On this day in this patch of the Appalachia, the air was moist with humid comfort of the South and the Spring was busy waking up sleepy rhododendrons. Rhododendrons in this area are not brightly colored; they are mostly white with an occasional patch of shy pink. True to its name, the Roaring Fork stream roars – like most of us – only when it rains inconsolably. On most days otherwise, the stream – like, pampered time – flows gently as warblers' songs. Speaking of bird songs, June is the peak of bird chatter in the Smokies. The audio next to the stream displayed above was a musical cacophony: a sweeter version of the audio in a 1st or 2nd grade classroom without the teacher in it. One can hear many more birds than they can see because of the thick vegetation. Due to this dense newly-leafed canopy, when it rained later in the afternoon, I didn't feel the drizzle on my skin but only heard it in the sky. In the meantime – as you may feel it in the photo – time lost its way, twined in these timeless elements, and slowed down to a lazy water-song effusing from a teasingly-beautiful forked stream.

"Free" A pinto horse runs through the fields at Cades Cove, Tennessee. | Judy Royal Glenn Photography

Judy Royal Glenn Photography posted a photo:

"Free" A pinto horse runs through the fields at Cades Cove, Tennessee. | Judy Royal Glenn Photography

“Free”

I love to watch the horses in the pastures of Cades Cove. My favorite time to photograph them is when they are set free in the pasture after their long day of riding on the trails.

The mane of this beautiful pinto horse is half black and half white—it flows in the wind as he charges through the field.

Location: Cades Cove, Tennessee in the Great Smoky Mountains National Park

To purchase wildlife and nature fine art prints, please visit my website:
www.judyroyalglennphotography.com

The Bluegrass Neverland

Ramen Saha posted a photo:

The Bluegrass Neverland

Some of my most endearing and memorable childhood memories involve fireflies. I grew up in a suburban rural community next to a waterbody, where summer twilights were special. After sunset, hundreds of fireflies would blink their way into the forest and my imagination. Chasing them, holding them, and letting them fly away was a pure joy never to be attained in any other way. My childhood twinkles brightly, in many parts, because of these fireflies. When something is so special, my son must endow it from me.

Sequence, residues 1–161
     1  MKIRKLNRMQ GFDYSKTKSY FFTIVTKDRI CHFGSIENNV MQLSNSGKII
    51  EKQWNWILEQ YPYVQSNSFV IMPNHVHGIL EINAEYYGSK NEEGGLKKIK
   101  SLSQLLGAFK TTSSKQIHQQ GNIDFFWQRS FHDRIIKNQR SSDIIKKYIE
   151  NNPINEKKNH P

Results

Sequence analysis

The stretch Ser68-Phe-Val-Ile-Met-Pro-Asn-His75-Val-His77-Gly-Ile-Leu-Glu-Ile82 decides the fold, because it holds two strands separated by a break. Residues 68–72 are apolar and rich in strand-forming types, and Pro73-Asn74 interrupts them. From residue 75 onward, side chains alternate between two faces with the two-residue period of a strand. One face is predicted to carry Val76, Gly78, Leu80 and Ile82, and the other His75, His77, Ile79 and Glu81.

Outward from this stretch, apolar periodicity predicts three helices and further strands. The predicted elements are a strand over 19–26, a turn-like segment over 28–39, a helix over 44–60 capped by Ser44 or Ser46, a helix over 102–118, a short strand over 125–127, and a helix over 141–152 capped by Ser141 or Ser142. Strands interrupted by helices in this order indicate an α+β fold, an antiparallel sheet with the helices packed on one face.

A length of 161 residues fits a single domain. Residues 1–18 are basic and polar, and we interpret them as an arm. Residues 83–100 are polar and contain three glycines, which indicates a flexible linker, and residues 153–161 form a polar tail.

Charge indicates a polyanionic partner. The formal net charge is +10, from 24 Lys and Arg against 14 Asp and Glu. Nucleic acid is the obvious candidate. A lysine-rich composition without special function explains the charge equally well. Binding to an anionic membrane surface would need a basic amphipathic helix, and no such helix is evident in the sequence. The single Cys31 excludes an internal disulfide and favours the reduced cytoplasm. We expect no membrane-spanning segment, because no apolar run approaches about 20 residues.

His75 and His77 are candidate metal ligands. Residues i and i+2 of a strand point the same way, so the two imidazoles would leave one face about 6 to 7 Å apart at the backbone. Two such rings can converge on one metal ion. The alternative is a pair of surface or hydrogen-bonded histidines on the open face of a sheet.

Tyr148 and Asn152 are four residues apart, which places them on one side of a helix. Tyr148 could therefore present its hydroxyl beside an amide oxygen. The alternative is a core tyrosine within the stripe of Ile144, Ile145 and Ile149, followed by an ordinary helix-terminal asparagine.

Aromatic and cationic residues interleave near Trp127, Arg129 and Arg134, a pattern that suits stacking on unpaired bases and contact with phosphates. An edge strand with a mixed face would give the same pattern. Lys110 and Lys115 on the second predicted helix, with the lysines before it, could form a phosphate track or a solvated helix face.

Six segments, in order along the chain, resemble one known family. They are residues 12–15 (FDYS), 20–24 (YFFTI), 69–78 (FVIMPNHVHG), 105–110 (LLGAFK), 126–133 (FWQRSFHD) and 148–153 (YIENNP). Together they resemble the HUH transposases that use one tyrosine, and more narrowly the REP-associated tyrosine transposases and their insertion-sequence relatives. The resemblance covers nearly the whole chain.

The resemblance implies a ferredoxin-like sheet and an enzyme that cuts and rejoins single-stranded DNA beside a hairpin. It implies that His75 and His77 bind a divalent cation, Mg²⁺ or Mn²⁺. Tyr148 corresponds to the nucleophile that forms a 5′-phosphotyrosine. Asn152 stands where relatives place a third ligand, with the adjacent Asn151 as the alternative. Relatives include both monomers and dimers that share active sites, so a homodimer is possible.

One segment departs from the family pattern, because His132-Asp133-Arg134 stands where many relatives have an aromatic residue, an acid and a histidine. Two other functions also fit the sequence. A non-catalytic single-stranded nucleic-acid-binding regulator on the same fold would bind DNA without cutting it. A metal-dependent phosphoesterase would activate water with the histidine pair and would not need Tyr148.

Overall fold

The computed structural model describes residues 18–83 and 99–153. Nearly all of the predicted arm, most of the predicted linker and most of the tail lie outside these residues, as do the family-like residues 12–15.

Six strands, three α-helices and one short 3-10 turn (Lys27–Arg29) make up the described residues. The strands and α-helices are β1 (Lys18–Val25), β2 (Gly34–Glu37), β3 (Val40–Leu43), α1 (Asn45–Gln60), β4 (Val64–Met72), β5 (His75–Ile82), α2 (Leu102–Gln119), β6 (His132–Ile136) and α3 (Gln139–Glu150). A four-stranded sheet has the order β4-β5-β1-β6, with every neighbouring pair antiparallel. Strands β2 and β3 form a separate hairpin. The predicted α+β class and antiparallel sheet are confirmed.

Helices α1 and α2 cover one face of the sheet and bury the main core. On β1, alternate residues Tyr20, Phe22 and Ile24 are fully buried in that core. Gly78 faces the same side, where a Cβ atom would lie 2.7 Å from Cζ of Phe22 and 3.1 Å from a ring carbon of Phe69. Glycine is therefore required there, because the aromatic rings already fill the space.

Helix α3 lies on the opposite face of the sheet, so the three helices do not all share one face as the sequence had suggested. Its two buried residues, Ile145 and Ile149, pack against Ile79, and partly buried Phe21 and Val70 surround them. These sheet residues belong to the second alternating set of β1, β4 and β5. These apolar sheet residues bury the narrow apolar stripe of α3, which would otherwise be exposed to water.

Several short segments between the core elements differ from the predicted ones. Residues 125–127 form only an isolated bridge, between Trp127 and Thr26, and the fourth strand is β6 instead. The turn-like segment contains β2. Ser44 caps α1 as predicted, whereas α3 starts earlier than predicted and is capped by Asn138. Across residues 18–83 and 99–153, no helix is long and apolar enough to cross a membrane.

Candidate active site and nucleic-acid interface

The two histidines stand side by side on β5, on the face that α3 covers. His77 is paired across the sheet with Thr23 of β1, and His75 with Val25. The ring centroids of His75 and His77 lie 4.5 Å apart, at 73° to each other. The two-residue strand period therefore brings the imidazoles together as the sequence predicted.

One problem with that idea… California has no fireflies.
Solution… The Appalachian does!

Thus, the other week, Rishabh and I flew cross-country with the specific intent of seeing fireflies in Appalachian mountains and forests, where many firefly species exist and display their fiery mating rituals for a few summer weeks. Of all these species, Photinus carolinous is special; this species has attained popularity as synchronous fireflies of the Smoky Mountains. As males of this mysterious species synchronize their flashing, the entire forest blinks in unison – like an IMAX theater displaying a fluid form of Van Gogh's 'Starry night'. Thousands of flying fireflies flash about six times synchronously, and then after a brief period of total darkness, the cycle is repeated. This light show occurs only in a handful of places in the world and for a few scores of hours every year. If that is not exclusive enough, these fireflies do not flash if it rains, which it often does in these humid mountains around this time of the year. They also refuse to fly and fire if its too cold. Last but not the least, they are bothered significantly by any other light source and therefore are best viewed in secluded areas.